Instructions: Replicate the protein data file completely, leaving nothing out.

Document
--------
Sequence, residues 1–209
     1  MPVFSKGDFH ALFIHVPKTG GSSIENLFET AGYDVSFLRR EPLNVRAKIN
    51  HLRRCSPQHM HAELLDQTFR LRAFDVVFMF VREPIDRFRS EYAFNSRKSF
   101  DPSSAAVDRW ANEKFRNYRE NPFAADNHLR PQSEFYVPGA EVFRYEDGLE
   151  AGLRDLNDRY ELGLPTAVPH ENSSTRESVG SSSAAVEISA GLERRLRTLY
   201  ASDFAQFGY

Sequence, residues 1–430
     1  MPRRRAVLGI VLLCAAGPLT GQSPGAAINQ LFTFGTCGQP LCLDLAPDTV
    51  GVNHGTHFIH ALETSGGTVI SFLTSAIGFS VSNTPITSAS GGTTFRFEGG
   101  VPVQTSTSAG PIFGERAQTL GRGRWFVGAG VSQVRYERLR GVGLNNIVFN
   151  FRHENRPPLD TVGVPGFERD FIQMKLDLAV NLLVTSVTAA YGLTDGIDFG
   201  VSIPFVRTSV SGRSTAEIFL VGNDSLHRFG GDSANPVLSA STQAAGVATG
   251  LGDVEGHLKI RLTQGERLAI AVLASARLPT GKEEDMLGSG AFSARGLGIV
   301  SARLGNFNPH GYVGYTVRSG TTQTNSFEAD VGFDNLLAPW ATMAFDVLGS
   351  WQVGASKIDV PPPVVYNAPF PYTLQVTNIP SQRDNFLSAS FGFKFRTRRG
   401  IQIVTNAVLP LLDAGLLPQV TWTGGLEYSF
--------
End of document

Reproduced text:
Sequence, residues 1–209
     1  MPVFSKGDFH ALFIHVPKTG GSSIENLFET AGYDVSFLRR EPLNVRAKIN
    51  HLRRCSPQHM HAELLDQTFR LRAFDVVFMF VREPIDRFRS EYAFNSRKSF
   101  DPSSAAVDRW ANEKFRNYRE NPFAADNHLR PQSEFYVPGA EVFRYEDGLE
   151  AGLRDLNDRY ELGLPTAVPH ENSSTRESVG SSSAAVEISA GLERRLRTLY
   201  ASDFAQFGY

Sequence, residues 1–430
     1  MPRRRAVLGI VLLCAAGPLT GQSPGAAINQ LFTFGTCGQP LCLDLAPDTV
    51  GVNHGTHFIH ALETSGGTVI SFLTSAIGFS VSNTPITSAS GGTTFRFEGG
   101  VPVQTSTSAG PIFGERAQTL GRGRWFVGAG VSQVRYERLR GVGLNNIVFN
   151  FRHENRPPLD TVGVPGFERD FIQMKLDLAV NLLVTSVTAA YGLTDGIDFG
   201  VSIPFVRTSV SGRSTAEIFL VGNDSLHRFG GDSANPVLSA STQAAGVATG
   251  LGDVEGHLKI RLTQGERLAI AVLASARLPT GKEEDMLGSG AFSARGLGIV
   301  SARLGNFNPH GYVGYTVRSG TTQTNSFEAD VGFDNLLAPW ATMAFDVLGS
   351  WQVGASKIDV PPPVVYNAPF PYTLQVTNIP SQRDNFLSAS FGFKFRTRRG
   401  IQIVTNAVLP LLDAGLLPQV TWTGGLEYSF